But is this rarely seen apparition Tom the Butler, or perhaps a rather famous Confederate General?
Can just a few visits equate to a spirit attaching to a property for all of the eternal afterlife?
Well, if you are to believe the paranormal reports of past employees and visitors, the ghost of Confederate General Robert E. Lee has decided to stick around the Andrew Low House.
Those who have seen this Robert E. Lee lookalike have claimed him to be an older gentleman, dressed in a fine suit and tie. There have been no reports of this spirit interacting with the living in any way, leading many to believe that this is a case of residual energy.
Were Lee and Andrew Low close enough friends that the former has decided to stick around in the afterlife? Perhaps one day Lee’s ghost will let us know . . .
One the most frequent of paranormal phenomena to occur at the Andrew Low House is the eerie rocking chair that moves on its own.
The chair itself is a family heirloom and once belonged to the Low family. But who might be the responsible source for the endless rocking?
Many believe that Andrew Low himself has set himself up in the chair, relaxing and enjoying the fact that so very many people love to visit his dream home. If it is true that Low’s spirit has stuck around, then perhaps we can imagine Andrew Low and the ghost of Robert E. Lee kicking back, sharing some scotch and partaking in poker.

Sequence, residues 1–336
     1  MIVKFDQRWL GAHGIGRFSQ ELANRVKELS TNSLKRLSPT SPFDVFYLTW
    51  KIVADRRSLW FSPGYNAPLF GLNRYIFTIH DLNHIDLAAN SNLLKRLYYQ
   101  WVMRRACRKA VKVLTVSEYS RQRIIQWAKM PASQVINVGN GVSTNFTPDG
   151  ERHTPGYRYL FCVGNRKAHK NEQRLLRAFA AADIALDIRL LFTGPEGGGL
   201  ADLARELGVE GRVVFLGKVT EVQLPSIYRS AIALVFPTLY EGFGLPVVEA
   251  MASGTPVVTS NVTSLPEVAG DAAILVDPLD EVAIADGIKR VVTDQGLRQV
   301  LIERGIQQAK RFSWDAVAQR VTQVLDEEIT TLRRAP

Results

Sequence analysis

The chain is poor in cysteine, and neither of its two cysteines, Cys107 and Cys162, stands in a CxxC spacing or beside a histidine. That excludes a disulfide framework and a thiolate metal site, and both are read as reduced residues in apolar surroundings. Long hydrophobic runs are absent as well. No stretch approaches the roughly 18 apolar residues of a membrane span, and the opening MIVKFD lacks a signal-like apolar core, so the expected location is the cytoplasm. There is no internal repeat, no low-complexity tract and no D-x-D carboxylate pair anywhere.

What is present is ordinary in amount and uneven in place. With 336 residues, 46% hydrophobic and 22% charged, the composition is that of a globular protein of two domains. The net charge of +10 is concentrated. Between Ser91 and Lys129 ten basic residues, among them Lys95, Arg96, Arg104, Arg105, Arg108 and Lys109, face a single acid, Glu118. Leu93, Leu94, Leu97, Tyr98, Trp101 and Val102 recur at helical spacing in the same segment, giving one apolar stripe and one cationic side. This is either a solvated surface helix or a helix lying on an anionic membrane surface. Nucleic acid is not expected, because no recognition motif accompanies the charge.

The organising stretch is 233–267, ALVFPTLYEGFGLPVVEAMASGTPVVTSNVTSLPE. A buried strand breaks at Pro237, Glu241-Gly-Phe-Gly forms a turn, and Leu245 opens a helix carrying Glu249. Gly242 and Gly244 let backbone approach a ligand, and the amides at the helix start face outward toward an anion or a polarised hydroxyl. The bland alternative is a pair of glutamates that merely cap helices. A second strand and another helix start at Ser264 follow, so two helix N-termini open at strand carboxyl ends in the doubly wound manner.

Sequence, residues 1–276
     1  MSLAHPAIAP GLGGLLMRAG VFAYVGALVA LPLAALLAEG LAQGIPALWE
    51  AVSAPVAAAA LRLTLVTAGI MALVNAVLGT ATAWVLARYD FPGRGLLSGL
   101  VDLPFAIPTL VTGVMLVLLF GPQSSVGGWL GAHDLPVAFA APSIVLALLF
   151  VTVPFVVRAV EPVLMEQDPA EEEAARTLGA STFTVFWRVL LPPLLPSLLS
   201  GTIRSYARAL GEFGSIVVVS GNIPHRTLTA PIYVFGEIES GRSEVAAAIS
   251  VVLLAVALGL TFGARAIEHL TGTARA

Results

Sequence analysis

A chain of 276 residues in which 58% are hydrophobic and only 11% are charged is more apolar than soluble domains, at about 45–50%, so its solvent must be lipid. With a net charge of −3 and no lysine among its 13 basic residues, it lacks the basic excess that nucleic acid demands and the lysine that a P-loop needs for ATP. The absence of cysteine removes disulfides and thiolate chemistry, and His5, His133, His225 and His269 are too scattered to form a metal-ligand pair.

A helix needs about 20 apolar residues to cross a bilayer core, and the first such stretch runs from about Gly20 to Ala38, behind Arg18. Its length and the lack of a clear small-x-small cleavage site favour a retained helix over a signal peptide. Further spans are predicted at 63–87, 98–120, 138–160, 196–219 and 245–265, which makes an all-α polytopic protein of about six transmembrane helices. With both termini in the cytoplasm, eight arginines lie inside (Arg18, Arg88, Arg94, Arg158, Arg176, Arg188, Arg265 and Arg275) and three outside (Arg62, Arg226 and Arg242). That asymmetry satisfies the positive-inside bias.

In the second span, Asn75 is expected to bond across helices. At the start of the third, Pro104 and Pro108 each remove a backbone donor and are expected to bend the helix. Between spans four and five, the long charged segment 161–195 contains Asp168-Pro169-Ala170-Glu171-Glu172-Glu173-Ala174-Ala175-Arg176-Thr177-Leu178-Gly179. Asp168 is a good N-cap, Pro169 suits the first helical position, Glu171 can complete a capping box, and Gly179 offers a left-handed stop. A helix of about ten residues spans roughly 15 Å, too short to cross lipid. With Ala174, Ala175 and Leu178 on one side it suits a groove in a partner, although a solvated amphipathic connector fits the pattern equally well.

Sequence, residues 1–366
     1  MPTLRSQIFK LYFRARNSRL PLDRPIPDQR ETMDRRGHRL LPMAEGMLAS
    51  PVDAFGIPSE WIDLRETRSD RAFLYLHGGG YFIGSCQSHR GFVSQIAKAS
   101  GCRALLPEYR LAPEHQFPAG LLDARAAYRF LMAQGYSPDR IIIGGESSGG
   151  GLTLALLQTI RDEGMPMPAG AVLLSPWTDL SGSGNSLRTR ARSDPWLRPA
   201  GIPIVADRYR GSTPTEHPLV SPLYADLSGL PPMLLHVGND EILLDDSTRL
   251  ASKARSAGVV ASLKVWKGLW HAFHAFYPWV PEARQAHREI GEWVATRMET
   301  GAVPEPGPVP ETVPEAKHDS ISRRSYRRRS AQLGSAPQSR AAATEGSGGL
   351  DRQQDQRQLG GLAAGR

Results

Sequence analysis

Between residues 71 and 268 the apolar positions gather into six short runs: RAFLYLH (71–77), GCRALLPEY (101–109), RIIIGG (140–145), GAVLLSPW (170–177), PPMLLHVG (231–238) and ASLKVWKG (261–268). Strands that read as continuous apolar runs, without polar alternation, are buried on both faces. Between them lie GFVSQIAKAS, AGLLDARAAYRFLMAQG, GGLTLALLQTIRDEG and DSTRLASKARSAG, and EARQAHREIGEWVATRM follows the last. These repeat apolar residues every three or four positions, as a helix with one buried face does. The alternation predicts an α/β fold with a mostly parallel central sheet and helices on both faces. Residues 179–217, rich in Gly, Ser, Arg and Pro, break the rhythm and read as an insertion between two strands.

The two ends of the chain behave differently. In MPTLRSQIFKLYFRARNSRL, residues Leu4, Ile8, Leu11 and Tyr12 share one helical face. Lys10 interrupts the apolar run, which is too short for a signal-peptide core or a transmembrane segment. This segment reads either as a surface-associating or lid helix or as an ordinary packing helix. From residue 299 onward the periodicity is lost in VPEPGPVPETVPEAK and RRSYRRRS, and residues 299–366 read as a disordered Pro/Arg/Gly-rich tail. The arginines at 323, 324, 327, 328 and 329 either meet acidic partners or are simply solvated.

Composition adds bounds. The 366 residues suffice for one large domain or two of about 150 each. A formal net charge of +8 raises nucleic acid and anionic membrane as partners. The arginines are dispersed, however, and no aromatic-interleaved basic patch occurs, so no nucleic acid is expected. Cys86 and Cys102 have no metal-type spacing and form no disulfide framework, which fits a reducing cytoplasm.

It’s a great, ghostly image, isn’t it?
Many guests visiting the Andrew Low House have caught the scent of perfume on the grand staircase, perhaps a left over aroma from Andrew Low’s second wife Mary, who lived happily in the home until her death.
Or, perhaps, the scent of the perfume belongs to the spirit of Juliette “Daisy” Gordon Low, whose ghost is said to still haunt the house. Visitors and staff have claimed to spot an elderly woman reclining on a bed in one of the rooms.
Is it truly the spirit of Daisy?
Many tend to believe so.
Daisy Low died in the Andrew Low House on July 27, 1927, so anything is possible—though the idea of poor Daisy reenacting her last moments on this earth seems a bit morbid.
(We’ll just pretend her spirit is in a deep, deep sleep).
Are you planning to visit the historic Andrew Low House anytime soon? Well, if you do, be sure to stop by for a historical day time tour! The Andrew Low House is one of the most architecturally pleasing in all of the Savannah Historic District.
But, if you’re hoping to hear more about the haunted atmosphere of this beautiful Italianate mansion, then there’s no better option for you than hoping on one of our ghost tours.
The Andrew Low House is one of the many featured stops on Ghost City’s family-friendly Grave Tales Tour.
You never know what spirits might make themselves known the night you join us on a tour.